In 2016, the country of Jordan blocked the social lifestyle magazine My.Kali. The magazine was initially published in English, but had just begun to publish in Arabic as well, ‘dangerously’ expanding the knowledge of its magic. In addition, just before the blockade, an independent media had published an interview with the founder of My.Kali, Khalid “Kali” Abdel-Hadi, entitled: “How do homosexuals live in Jordan?”.
The magazine did not die because of the blockade, although other countries in the region, such as Qatar and Gaza, joined Jordan in the blockage. Why? “We speculate that it could be due to international media coverage. Also, some conservative countries automatically censor the site that uses keywords like sex, feminism, LGBT+, sexuality…”, says Abdel-Hadi, sadly. In addition, some regional media incited their governments to take action and protect their country from so called invasion.
A whole generation grew up to our presence, which means many felt less alone while growing up – something I suffered from myself while growing up
Media jealousy? Maybe, because My.Kali is an impressive, high quality monthly online magazine with the coolest of arts, music, design, pop culture, gender, philosophy or politics. 2016/2017 was a tough period for MyKali since the magazine was blocked and it was difficult to get the information out to their readers. Khalid Abdel-Hadi remembers when a friend who works in tech “put us in touch with Virtualroad.org, and eventually the magazine became accessible after almost 2 years”.
Today, people in Jordan and Qatar can read the magazine, a pure gem that uses pop culture as a weapon for the queer revolution in the Middle East and the North Africa region: “We use it as a language to speak to society and transcend our content to keep our format approachable, memorable and fresh. It’s a very natural path that the magazine has chosen, as the platform comes from very personal and vibrant place with everyone who works in and with it”, explains Khalid.
As an example, in My.Kali you can find cool musicians, as we found Shamsa while we were preparing the interview. Khalid was also inspired by Haute and Kali Uchis while answering our questions. That’s My.Kali: transgression, experimentation and art.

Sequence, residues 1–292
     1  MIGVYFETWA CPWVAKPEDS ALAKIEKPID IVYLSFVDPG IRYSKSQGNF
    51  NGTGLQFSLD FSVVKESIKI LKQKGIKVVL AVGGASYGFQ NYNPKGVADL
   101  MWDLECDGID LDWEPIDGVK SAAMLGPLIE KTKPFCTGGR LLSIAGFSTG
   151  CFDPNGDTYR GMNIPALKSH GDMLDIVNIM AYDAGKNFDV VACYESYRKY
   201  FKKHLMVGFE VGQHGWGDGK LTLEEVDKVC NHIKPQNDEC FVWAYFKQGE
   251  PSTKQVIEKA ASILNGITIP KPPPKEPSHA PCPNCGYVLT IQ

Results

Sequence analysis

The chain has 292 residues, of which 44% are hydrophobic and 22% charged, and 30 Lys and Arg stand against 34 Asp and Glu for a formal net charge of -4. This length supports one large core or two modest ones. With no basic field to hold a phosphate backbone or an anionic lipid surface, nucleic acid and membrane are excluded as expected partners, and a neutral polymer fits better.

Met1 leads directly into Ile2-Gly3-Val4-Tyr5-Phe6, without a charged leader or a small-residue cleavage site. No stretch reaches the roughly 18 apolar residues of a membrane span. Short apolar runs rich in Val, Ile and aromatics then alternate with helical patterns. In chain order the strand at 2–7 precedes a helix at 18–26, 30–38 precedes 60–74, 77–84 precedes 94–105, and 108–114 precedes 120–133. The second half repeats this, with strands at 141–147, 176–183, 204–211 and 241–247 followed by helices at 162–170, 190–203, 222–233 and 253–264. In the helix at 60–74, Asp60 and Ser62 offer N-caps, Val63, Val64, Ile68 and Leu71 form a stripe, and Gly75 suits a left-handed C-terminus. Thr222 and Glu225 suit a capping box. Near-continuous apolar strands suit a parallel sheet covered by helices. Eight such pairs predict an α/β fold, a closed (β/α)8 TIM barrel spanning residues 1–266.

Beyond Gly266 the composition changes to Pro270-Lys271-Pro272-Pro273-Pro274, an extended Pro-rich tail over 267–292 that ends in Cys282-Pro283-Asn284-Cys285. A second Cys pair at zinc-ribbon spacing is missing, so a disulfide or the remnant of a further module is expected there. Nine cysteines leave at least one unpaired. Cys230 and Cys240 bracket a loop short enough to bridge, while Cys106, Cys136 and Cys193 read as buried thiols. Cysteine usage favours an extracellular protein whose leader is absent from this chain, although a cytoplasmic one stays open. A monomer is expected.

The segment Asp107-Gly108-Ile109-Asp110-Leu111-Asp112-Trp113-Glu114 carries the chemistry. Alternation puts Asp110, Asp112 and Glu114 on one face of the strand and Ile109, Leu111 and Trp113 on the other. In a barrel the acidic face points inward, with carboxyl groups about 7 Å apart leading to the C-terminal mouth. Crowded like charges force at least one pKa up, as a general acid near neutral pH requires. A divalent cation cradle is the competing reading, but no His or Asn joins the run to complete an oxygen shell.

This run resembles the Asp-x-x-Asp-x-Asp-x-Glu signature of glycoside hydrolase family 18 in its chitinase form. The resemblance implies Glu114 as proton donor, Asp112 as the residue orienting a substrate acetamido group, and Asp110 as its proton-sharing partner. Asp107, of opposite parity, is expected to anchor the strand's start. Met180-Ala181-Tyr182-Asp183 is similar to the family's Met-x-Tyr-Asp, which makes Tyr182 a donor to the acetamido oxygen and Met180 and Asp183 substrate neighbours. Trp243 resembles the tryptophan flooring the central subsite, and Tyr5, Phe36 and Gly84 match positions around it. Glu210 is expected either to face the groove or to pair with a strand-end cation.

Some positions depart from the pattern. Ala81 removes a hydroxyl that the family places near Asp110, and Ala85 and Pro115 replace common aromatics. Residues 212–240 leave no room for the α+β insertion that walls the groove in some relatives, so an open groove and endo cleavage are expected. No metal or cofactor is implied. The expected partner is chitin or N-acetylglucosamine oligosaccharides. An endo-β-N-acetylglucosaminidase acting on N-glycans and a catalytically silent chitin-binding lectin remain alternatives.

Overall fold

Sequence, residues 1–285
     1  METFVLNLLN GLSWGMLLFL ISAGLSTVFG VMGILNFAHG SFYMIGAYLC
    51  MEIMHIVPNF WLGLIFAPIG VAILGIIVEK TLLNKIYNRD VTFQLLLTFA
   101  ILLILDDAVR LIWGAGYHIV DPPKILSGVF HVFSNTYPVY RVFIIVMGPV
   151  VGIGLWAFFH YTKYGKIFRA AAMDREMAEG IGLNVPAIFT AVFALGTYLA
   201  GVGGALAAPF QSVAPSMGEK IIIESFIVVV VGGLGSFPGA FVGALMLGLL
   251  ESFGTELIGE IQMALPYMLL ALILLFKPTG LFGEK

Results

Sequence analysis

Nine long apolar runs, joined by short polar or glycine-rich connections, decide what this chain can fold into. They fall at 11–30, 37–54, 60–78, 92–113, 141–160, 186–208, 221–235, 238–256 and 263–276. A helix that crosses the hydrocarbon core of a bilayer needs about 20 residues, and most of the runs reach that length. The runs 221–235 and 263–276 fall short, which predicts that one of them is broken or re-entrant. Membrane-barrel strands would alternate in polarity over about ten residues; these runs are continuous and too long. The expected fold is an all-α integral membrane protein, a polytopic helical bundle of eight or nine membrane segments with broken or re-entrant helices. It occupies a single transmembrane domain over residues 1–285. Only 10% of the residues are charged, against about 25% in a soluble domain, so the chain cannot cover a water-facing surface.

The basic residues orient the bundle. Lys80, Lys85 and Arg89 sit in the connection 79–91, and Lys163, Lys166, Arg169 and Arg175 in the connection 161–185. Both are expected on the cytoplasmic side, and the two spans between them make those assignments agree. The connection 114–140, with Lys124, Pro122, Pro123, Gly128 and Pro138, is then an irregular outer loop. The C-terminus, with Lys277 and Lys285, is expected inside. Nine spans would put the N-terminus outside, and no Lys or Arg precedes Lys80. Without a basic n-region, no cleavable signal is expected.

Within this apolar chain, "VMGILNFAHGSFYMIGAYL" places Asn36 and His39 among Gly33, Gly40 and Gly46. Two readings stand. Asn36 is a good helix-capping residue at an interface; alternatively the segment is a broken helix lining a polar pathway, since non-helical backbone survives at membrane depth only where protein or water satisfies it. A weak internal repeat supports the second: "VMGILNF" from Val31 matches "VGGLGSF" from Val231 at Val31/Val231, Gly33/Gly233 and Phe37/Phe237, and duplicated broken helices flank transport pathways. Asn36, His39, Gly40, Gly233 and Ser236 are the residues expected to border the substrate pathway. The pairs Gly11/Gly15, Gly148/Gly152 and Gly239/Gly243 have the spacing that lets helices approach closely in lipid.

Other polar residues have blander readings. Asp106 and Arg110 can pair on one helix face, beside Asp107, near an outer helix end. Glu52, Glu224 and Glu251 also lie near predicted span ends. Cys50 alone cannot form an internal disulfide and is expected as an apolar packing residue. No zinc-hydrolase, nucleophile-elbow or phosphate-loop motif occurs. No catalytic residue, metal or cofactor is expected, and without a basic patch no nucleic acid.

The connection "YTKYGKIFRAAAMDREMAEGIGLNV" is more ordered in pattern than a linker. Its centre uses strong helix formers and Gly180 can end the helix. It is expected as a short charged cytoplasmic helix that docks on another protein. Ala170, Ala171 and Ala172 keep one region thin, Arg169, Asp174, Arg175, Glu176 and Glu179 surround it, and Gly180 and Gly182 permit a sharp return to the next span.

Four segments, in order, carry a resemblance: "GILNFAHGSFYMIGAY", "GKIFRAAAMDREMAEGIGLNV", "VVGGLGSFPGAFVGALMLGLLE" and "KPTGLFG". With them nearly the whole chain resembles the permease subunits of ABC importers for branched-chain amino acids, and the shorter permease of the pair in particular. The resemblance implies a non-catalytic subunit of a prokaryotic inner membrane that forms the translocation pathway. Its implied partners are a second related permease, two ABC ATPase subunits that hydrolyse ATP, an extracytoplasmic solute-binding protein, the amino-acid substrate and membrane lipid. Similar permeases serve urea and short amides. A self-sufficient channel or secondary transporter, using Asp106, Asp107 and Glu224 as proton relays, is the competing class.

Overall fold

My.Kali was born in 2007. 11 years later, how does Khalid think the magazine has contributed to the Queer community in the Arab world? “I believe it became a solid source and reference to many. We get a lot of positive feedback from our non-conforming followers who are comfortable and happy to share our content with their families, relatives, and friends”.
Also, Khalid says: “A whole generation grew up to our presence, which means many felt less alone while growing up – something I suffered from myself while growing up”. The platform has become a hub for experimental photographers, artists, bloggers and writers from across the region who would like to explore various mediums like gender, sexuality or feminism. And, most important, he says: “We broadened the conversation and discuss almost everything from a feminist intersectional point of view. Reflect a lot on gender, use art as a language and more interactive with our readership and followers”.
Abdel-Hadi is a brave soul. And his courage includes publishing an online magazine without computer skills. But he has good friends. My.Kali has teamed up with organizations like Access Now and Front Line Defenders who stood by the platform for years and taught the team how to navigate tools and resources, migrate content, and how to improve digital and physical security”.
In addition, Virtualroad.org hosts its website and a mirror that allows the magazine to be read in Jordan: “Our collaboration/incubation with Virtualroad.org allowed us to focus on our work and worry less about net governance, and pursue our natural right for freedom of speech and freedom of the net”.
And how this magazine, one of the first Queer in the MENA region and, certainly, the coolest of all, exercise its freedom? “It’s hard not to fall into the fast-media or fast produced content trap. We do take our time to put out the content – whether written or visual – that our team feels essential and confident about, as quality takes time”.
Another challenge for the founder of My.Kali is combat labels: “While yes the magazine does indeed cover and reflect voices of society’s alt-communities, however the magazine does identify as queer and MENA regional, rather than being boxed or labeled as so and so”.
My.Kali is blocked inside of Jordan since 2016 and is accessible to the population by means of Qurium’s circumvention tool Bifrost.